But that's not all. In the past week, Danish authorities have made arrests to stop a plot to murder one of the original Danish cartoonists. That's a lot more than a strongly worded letter. Read more about it at this Danish blog dedicated to the cartoons and their aftermath.


And now NOT the Danish cartoons, but medieval depictions of Mohamed are being targeted by many thousands of the faithful. There can be absolutely no doubt that these paintings weren't done with any spirit of malice. Yet Wikipedia is being bombarded with requests to take them down from the entry on Mohamed. Good for Wikipedia for refusing.

Tuesday, February 19, 2008


I tell you, I am po'd. Yep, my blood is - if not boiling - is darn right simmering. Dang it. And I'm afraid I'm kinda pissed off at the whole of the UK.

Now British readers, don't take too much offense. This is a natural thing for a foreign resident to feel from time to time. I got hacked off with American culture, too. But listen, what the Brits know about customer service could be pulled out of my ass. No, wait - that's too much.

Let me give you a little bit of management advice. For free.


APOLOGISE IF YOU ARE WRONG. Offering an apology for my inconvenience is not an admission of liability. Don't make every customer service interaction a freakin' trial.

And just like the Harvard School of Business does, I will use case studies to illustrate my point.

Case One: The Ikea bookcase

OK, y'all don't start laughing - I know you're thinking. What did you expect? It's Ikea. But really, this experience sank beneath my already low, low expectations.

We loaded up the baby and our measurements and we drove down to Croydon. We bought a bookcase. We already had one like it, so we knew what we were getting into. We thought.

Once we got the thing home, I looked after the baby while the Vol-in-Law assembled the bookcase. He couldn't put it together. Nope. Not at all. He was really struggling. I walked in and said "That's because you've got two right sides and no lefts." Basically there was no way in heck that the bookcase could be put together.

So, we load up the car with our redundant second right bookcase side and go on down to Croydon to change it out. The ViL queues for ages. He gets the third degree, but eventually, and with some effort, we get a left side. We get home. It doesn't fit. It's been machined differently. The holes just don't match up.

So we load up the car with whole bookcase this time and take it down to Croydon. This meant that the ViL had to spend time disassembling the darn thing as well. We queue for freaking ages in the customer service corral. We do get our money back.

But do we get an apology. We do not. Not anything for the time that we've spent driving, the frustration, the anguish, the effort. Not the freakin' 20 questions from the 18 year customer service manager, the looks of disbelief, the "are you sure you had two right sides?" Yes. Yes. We were sure. Your goods were simply not of merchantable quality.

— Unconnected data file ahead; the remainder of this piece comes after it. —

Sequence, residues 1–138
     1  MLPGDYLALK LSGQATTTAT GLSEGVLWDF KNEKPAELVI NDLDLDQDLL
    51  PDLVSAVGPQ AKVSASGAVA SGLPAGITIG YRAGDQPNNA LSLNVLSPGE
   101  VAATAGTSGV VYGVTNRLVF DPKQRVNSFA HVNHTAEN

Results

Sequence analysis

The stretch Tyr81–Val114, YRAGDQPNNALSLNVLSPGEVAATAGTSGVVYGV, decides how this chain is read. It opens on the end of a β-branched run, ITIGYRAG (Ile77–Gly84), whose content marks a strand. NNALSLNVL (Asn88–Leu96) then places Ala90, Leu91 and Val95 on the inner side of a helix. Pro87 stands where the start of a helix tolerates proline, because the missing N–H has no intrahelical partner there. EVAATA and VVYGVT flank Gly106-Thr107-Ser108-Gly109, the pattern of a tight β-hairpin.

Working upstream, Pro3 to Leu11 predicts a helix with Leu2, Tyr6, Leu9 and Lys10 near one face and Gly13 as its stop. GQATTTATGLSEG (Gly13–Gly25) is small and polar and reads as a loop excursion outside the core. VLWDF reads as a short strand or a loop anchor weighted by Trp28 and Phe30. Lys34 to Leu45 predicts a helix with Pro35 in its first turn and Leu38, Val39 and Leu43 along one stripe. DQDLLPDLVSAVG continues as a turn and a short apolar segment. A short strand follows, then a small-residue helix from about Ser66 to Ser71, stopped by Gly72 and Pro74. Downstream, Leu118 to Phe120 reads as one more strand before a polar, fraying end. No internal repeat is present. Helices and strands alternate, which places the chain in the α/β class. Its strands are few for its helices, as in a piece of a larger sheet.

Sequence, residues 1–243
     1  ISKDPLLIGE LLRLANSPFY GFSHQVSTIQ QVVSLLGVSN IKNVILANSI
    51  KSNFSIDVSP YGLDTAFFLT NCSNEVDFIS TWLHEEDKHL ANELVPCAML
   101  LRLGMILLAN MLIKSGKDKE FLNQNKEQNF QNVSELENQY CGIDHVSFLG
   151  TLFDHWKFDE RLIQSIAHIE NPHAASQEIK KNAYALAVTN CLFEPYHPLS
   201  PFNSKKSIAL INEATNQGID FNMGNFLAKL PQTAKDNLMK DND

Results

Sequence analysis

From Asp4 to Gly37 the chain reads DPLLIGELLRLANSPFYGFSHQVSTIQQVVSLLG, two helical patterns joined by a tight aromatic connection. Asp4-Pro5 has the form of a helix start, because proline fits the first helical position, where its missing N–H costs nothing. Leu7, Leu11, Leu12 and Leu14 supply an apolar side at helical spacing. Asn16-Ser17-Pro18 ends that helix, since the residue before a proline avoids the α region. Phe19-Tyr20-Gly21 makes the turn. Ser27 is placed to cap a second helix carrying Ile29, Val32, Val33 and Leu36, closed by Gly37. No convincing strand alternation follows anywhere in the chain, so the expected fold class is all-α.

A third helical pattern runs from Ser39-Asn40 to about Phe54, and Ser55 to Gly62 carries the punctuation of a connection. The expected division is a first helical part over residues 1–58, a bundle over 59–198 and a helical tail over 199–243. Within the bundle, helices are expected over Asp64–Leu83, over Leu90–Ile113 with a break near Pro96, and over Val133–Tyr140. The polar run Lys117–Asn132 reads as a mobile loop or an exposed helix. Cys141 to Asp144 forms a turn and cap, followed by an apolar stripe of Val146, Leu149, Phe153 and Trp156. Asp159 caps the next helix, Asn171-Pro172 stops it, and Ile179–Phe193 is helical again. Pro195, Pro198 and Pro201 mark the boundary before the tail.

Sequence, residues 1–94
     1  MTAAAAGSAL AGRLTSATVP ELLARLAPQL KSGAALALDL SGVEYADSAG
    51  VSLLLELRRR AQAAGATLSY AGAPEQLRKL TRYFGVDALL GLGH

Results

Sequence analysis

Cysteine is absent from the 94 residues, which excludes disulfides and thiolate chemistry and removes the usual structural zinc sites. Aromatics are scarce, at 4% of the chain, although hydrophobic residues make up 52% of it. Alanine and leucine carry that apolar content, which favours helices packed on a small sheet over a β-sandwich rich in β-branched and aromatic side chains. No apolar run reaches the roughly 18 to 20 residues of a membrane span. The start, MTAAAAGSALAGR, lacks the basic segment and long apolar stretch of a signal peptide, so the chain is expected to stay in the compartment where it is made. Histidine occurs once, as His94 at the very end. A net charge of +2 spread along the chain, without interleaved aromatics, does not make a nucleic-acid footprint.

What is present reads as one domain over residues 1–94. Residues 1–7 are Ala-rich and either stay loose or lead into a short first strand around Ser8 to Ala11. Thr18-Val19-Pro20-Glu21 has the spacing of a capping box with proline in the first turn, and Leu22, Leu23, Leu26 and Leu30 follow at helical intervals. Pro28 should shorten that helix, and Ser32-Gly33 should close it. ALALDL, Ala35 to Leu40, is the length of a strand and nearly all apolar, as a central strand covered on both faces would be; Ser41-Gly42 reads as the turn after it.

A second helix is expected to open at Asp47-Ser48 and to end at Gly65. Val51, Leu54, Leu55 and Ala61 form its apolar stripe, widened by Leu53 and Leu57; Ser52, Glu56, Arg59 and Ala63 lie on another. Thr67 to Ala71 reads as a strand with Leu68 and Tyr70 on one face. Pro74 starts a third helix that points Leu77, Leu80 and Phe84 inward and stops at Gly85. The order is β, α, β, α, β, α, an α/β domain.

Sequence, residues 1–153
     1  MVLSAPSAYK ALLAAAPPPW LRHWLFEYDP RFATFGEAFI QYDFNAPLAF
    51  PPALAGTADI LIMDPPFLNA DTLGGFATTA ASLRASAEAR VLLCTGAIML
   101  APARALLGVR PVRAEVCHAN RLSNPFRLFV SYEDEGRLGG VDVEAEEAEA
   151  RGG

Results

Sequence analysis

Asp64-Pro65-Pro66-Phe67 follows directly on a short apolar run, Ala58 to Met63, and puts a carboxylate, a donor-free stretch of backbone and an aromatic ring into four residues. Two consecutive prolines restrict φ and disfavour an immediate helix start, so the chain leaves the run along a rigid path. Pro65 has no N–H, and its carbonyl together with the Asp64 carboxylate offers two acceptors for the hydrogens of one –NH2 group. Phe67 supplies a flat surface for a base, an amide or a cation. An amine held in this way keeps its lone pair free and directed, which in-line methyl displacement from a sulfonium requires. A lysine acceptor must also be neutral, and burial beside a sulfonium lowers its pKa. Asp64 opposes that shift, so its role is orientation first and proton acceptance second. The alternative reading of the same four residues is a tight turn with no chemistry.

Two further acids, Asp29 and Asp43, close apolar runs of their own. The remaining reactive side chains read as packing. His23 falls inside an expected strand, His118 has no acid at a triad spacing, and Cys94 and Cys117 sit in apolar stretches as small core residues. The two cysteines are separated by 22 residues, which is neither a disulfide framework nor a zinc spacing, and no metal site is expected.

Believe it or not I'm pretty easy going. What would have mollified me was:

I'm sorry the bookcase didn't work out. That must have been very frustrating, sorry you had to wait. Sorry you had to make two trips. Here's your money back.

An apology costs nothing.

Oh, and by the way, I know we told you that we had returned all the screws and washers with the bookcase since you were so concerned about that. But when we got home we found a screw that had rolled under a chair, so nah.

Case Two: The ASDA video game

A note for American readers: ASDA is a grocery store chain owned by WalMart. Like most major groceries in the UK, they've branched out into other retail goods - like clothes and DVDs and lawn chairs and stuff.

The ViL told me that all he wanted for Christmas and his birthday were some Bruce Springstein CDs and a certain computer game. I gave him the CDs for his birthday. Well, apparently I bought the wrong CDs by the Boss, and the ViL bitched and moaned about it most ungraciously. (Really bad form from a guy who often doesn't get me any birthday gift without some serious hint dropping.)

I bought the certain computer game at ASDA. Picked out the case, went to the counter where they keep the actual discs, paid and was on my merry way.

Come Christmas morning the ViL was so happy to receive the right gift. Until he opened it. The ASDA game and music person had put the wrong CDs into the case. She had put the original game (which we already owned) into the case rather than the expansion pack (which we did not own). The ViL noticed it right away. We never even loaded the CDs into the PC.

The ViL did remove the top CD to see if both CDs were the wrong ones. They were. That's all the touching that we did of that game.

So, after Christmas, I go back to ASDA. First checking at the media counter to see if I can make a straight swap. Nope. The correct discs are vanished and there are no others. An apology? Nope. Not even when the guy manning the desks tells me he can't give me my money back there, but I'll have to queue up at the erroneously named customer services desk.